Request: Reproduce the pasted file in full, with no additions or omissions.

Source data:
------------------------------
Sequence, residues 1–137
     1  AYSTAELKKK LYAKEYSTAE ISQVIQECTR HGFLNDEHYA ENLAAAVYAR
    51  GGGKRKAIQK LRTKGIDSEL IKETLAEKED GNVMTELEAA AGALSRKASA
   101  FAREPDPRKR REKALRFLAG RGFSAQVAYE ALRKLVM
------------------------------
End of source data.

Sequence, residues 1–137
     1  AYSTAELKKK LYAKEYSTAE ISQVIQECTR HGFLNDEHYA ENLAAAVYAR
    51  GGGKRKAIQK LRTKGIDSEL IKETLAEKED GNVMTELEAA AGALSRKASA
   101  FAREPDPRKR REKALRFLAG RGFSAQVAYE ALRKLVM